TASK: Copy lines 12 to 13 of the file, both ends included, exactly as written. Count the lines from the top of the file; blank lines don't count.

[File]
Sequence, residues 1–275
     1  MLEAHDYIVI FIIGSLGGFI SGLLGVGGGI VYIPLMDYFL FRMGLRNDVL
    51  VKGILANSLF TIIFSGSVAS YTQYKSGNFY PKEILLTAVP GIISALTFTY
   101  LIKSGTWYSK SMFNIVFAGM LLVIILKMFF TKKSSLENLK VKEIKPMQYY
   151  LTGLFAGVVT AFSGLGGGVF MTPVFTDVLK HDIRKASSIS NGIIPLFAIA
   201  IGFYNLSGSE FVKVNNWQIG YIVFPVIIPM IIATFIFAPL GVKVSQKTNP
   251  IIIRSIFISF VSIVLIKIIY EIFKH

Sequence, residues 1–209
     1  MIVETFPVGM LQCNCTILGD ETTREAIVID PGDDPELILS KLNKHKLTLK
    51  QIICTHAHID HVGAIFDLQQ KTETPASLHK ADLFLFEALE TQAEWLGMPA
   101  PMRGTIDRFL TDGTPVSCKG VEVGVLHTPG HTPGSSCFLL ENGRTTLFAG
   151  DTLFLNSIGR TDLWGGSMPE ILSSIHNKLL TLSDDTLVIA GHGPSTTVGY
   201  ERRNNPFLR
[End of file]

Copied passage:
   151  DTLFLNSIGR TDLWGGSMPE ILSSIHNKLL TLSDDTLVIA GHGPSTTVGY
   201  ERRNNPFLR